So what are the implications? Only so many issues can be on the agenda. There is a limit to the attention people can give, and news bulletins include only a few stories. Politicians can only consider so much new legislation, and the more they consider, the more superficial the assessment. So there a limited number of issues have traction at any one time. Parties aim to achieve traction on their issues and prevent traction on others, and they are more likely to invest in an issue with traction than to generate traction for a new issue. Perspectives can be narrow, with ‘quick fix’ simple solutions.
If traction is so important, we should be concerned about how it is determined. The media play an important role. They are more suited to some kinds of coverage than others. Image tends to dominate over substance, and there is effective imagery that can ‘push buttons’. It is easier to generate traction through celebrity support than through detailed, informed presentation of information. In general, the media are not aiming to change views. Rather, they tend to reinforce the prevailing pattern of issues with traction.
If propositions such as these describe the political scene, there is unlikely to be detailed policy analysis or monitoring, and many problems will only be recognised and addressed when they are too serious to ignore. While it is often said that we get the government that we deserve, there are institutional biases that work against good, reasoned government. These limit the quality of government that can be expected. It may be possible to moderate their effect, but nevertheless, there is a strong likelihood that politics will be dominated by crises. This might help to explain the sub-prime mortgage crisis that is affecting the whole world.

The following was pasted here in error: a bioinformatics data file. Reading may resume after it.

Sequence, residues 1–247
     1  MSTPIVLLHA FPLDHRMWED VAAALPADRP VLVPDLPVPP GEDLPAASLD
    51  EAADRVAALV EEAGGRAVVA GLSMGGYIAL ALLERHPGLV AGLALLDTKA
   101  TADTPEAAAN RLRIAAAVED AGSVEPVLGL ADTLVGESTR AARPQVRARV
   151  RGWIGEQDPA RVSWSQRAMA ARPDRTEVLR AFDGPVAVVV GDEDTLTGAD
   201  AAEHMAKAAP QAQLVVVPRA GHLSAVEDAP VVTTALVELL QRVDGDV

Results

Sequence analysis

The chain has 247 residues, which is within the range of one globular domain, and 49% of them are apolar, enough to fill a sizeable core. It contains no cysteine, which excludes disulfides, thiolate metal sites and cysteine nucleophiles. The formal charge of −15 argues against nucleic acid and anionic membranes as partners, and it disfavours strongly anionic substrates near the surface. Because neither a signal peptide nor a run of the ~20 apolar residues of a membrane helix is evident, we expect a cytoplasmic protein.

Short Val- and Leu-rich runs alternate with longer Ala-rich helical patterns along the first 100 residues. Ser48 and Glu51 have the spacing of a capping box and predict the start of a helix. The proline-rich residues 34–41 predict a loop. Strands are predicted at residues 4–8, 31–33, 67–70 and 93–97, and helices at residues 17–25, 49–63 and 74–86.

Birks, S. (2008) An Economic Theory of Democracy Revisited – Downs with Traction Available at SSRN: http://ssrn.com/abstract=1257860
Curran, C. (2006). Language matters; Setting agendas – taking charge of the language Paper presented at the Otago/Southland Labour Party regional conference. from http://www.whaleoil.co.nz/Files/Language_Matters.pdf.pdf.
Stuart Birks is the director of the Centre for Public Policy Evaluation at Massey University, Palmerston North. He is an economist with a focus on policy formulation and implementation.